Britain’s biggest pensioner organisation, the National Pensioners Convention (NPC) will today (20 March) launch a new campaign for a tax-funded, National Care Service. The Fair Care Campaign follows numerous reports by a range of governmental and charitable organisations in the last few months that have all highlighted the failures of the existing social care system, and comes ahead of the government’s White Paper, expected later this year, on how social and long-term care should be funded.
The new NPC research entitled The Politics of Care, has analysed the issues facing existing and future generations and found:
– An unfair postcode lottery of charges for care at home
– Inadequate standards of care in both nursing and domiciliary care and a lack of robust and effective regulation
– Lack of adequate training and qualifications amongst care staff, linked to poor terms and conditions
– Little support for family carers, leading to inadvertent neglect
– A false separation between NHS funded medical care and means-tested social care, which has removed thousands of frail elderly people from receiving free care
In financial terms the NPC has calculated that an additional £10bn would be needed in order to support a National Care Service. This additional revenue could be funded through a combination of savings from other areas of care expenditure, re-prioritising existing government expenditure and/or increasing taxation. If all the money were to be raised through taxation alone, someone earning £25,000 a year would be expected to pay an extra 75p a day. In return, A National Care Service would provide:
– Free domiciliary and nursing care
– Access to services to a wider group of people, including those with low to moderate needs who are currently excluded
– Improved terms and conditions for care staff
– A programme of modernisation of residential homes
– Improved regulation and monitoring of care services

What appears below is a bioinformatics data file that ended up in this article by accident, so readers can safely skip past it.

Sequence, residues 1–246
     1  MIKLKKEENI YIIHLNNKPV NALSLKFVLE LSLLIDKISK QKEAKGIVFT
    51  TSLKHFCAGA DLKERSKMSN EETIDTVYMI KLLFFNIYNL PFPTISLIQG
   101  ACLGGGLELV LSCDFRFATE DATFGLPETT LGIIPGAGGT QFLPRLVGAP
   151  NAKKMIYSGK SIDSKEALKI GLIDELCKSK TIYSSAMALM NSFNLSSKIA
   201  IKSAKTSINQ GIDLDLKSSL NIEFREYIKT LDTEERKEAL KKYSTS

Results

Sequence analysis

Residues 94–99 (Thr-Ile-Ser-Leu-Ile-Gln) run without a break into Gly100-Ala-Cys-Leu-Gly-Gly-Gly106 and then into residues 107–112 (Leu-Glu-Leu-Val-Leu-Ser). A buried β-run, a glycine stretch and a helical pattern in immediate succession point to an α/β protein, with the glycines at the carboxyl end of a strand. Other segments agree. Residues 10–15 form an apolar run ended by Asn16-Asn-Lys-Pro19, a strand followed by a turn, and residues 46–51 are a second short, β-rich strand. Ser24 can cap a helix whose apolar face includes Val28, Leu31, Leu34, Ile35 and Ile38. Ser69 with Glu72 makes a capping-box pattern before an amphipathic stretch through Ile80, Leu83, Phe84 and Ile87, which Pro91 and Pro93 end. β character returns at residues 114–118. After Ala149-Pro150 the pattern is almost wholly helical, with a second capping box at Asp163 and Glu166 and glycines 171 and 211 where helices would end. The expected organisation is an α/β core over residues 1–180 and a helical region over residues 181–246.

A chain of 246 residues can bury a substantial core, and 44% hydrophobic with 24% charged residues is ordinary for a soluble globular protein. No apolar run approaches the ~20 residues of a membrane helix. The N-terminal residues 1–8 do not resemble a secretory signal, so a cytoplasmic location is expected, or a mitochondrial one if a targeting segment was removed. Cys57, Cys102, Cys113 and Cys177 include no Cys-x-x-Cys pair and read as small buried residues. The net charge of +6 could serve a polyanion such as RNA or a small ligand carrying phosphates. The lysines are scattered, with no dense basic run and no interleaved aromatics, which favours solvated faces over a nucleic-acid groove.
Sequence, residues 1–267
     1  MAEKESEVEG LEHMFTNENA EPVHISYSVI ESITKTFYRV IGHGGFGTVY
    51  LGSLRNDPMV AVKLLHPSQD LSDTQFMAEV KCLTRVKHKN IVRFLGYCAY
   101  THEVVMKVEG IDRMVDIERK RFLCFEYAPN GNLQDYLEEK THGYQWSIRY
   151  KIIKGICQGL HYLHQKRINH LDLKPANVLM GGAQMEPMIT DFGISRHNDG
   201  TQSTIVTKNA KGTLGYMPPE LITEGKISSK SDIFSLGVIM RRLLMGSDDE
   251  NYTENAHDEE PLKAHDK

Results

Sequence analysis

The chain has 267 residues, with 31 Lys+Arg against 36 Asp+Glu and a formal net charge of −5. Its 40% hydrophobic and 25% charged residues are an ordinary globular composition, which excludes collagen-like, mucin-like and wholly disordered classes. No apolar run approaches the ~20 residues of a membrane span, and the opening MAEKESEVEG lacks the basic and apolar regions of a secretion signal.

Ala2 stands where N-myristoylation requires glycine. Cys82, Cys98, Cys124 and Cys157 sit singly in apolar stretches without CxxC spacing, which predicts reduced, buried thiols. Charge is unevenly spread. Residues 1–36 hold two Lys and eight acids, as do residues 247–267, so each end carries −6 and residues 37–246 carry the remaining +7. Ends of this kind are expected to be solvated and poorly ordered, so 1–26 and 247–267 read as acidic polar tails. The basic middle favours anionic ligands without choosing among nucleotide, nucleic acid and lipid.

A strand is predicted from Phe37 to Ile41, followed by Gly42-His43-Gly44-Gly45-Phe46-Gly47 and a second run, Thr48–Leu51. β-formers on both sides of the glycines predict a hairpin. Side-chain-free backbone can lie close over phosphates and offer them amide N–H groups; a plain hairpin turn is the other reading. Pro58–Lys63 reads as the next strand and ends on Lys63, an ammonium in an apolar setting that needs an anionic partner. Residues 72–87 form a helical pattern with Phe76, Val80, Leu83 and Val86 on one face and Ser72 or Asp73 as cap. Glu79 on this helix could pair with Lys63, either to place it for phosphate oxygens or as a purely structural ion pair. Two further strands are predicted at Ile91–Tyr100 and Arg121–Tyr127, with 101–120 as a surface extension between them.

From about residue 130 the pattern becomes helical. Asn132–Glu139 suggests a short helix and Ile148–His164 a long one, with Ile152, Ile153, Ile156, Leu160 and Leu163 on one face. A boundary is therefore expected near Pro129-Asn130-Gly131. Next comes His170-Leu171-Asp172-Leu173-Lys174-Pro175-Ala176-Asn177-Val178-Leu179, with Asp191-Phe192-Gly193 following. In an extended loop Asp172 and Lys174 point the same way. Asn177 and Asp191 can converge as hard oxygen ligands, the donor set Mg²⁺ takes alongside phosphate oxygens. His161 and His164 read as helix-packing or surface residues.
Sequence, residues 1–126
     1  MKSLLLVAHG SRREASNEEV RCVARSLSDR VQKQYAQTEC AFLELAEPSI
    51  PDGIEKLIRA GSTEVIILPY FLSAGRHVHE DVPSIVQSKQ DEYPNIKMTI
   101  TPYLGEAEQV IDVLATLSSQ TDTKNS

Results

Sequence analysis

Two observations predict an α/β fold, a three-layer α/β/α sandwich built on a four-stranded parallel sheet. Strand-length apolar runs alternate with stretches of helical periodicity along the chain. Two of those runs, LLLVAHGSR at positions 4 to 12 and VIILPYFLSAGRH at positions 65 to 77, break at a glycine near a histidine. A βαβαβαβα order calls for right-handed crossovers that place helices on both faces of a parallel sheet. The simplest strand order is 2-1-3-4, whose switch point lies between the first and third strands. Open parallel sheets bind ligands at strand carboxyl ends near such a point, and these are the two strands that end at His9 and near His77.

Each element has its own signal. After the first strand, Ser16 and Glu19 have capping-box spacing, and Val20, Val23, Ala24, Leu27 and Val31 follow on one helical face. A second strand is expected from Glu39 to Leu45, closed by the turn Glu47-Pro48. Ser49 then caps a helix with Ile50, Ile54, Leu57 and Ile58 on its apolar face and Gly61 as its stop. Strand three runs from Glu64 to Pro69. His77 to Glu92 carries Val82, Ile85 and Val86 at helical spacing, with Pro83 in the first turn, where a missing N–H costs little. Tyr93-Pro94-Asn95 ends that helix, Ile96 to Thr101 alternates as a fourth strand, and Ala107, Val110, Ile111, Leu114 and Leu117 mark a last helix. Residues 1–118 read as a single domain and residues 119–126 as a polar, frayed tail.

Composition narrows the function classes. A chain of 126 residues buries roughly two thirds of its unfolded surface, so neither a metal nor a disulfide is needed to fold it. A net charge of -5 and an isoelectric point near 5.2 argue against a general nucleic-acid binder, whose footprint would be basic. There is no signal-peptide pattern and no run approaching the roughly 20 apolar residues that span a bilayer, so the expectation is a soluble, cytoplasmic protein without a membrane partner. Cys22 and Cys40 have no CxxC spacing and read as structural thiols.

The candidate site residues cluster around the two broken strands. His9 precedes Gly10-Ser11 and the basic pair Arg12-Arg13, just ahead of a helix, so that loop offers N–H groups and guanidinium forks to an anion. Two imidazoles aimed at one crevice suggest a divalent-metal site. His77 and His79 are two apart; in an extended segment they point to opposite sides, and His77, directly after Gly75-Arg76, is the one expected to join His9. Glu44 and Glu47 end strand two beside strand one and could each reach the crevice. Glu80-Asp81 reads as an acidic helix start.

Dot Gibson, NPC general secretary said: “Successive governments have ducked the issue about how we can improve the care of Britain’s most vulnerable pensioners. The endless stories in the media often reveal how grim life in a care home can be and how care in your own home is sometimes shockingly inadequate. Everyone agrees that the current system is bust, but no-one is willing to put forward the only real way of improving the situation. A National Care Service would end all these problems.”
“We would end the unfair means-test and postcode lottery of charges, we could stop people from having to sell their homes in order to pay for care, we could widen access to services to all in need and we could professionalise the care service with better training and conditions, but most importantly we would establish the principle that as a society we have a responsibility – just like with the NHS, education and the armed forces – of all paying in so that those who need help can draw out. A National Care Service will mean seamless integration between hospital treatment and the community, and will benefit all of us, by giving us the confidence that our loved ones will be cared for properly when they need it.”
The campaign will be launched today (20 March) in the House of Commons, with a rally at 1pm, Committee Room 14. Speakers will include Allison Roche (Unison) who are backing the campaign, along with Baroness Sally Greengross (Equality and Human Rights Commission) talking about the EHRC’s recent report into home care and Margaret Hodge MP (Public Accounts Committee) talking about the failure of Southern Cross care homes.
For more information contact Neil Duncan-Jordan on 07432-575251.
A copy of the NPC’s The Politics of Care can be downloaded at http://npcuk.org/wp-content/uploads/2012/03/The-Politics-of-Care.pdf.